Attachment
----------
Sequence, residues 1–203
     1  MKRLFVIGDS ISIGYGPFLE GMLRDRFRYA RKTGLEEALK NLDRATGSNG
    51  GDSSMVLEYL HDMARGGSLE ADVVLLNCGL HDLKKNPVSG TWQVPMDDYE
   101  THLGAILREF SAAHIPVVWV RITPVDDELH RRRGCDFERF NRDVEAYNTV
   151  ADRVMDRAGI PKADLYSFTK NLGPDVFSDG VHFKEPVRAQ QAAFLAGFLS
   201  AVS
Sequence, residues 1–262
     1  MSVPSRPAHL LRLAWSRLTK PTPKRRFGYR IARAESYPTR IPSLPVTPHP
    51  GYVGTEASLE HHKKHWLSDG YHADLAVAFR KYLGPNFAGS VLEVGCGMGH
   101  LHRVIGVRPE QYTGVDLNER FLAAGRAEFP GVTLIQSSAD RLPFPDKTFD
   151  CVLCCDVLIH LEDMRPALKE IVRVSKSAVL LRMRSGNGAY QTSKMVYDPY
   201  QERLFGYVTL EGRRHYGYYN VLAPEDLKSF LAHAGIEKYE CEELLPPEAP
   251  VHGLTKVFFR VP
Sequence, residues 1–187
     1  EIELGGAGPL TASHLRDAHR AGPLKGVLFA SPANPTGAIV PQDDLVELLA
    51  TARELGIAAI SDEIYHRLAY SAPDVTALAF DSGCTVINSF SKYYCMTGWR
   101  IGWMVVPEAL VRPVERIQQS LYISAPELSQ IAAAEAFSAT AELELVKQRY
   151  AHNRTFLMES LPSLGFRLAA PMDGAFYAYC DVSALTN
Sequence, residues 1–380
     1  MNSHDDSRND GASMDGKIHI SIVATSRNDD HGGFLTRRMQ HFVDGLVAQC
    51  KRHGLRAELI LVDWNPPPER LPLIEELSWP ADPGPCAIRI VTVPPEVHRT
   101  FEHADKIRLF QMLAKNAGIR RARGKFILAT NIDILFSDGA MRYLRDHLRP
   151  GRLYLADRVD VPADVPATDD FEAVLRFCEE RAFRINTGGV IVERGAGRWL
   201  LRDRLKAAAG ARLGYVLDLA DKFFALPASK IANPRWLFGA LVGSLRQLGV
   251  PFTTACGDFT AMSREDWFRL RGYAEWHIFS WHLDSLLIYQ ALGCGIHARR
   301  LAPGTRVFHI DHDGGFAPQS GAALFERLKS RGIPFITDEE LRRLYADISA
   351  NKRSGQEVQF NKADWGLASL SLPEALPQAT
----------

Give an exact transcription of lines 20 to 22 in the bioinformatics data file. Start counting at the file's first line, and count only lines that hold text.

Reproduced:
     1  MNSHDDSRND GASMDGKIHI SIVATSRNDD HGGFLTRRMQ HFVDGLVAQC
    51  KRHGLRAELI LVDWNPPPER LPLIEELSWP ADPGPCAIRI VTVPPEVHRT
   101  FEHADKIRLF QMLAKNAGIR RARGKFILAT NIDILFSDGA MRYLRDHLRP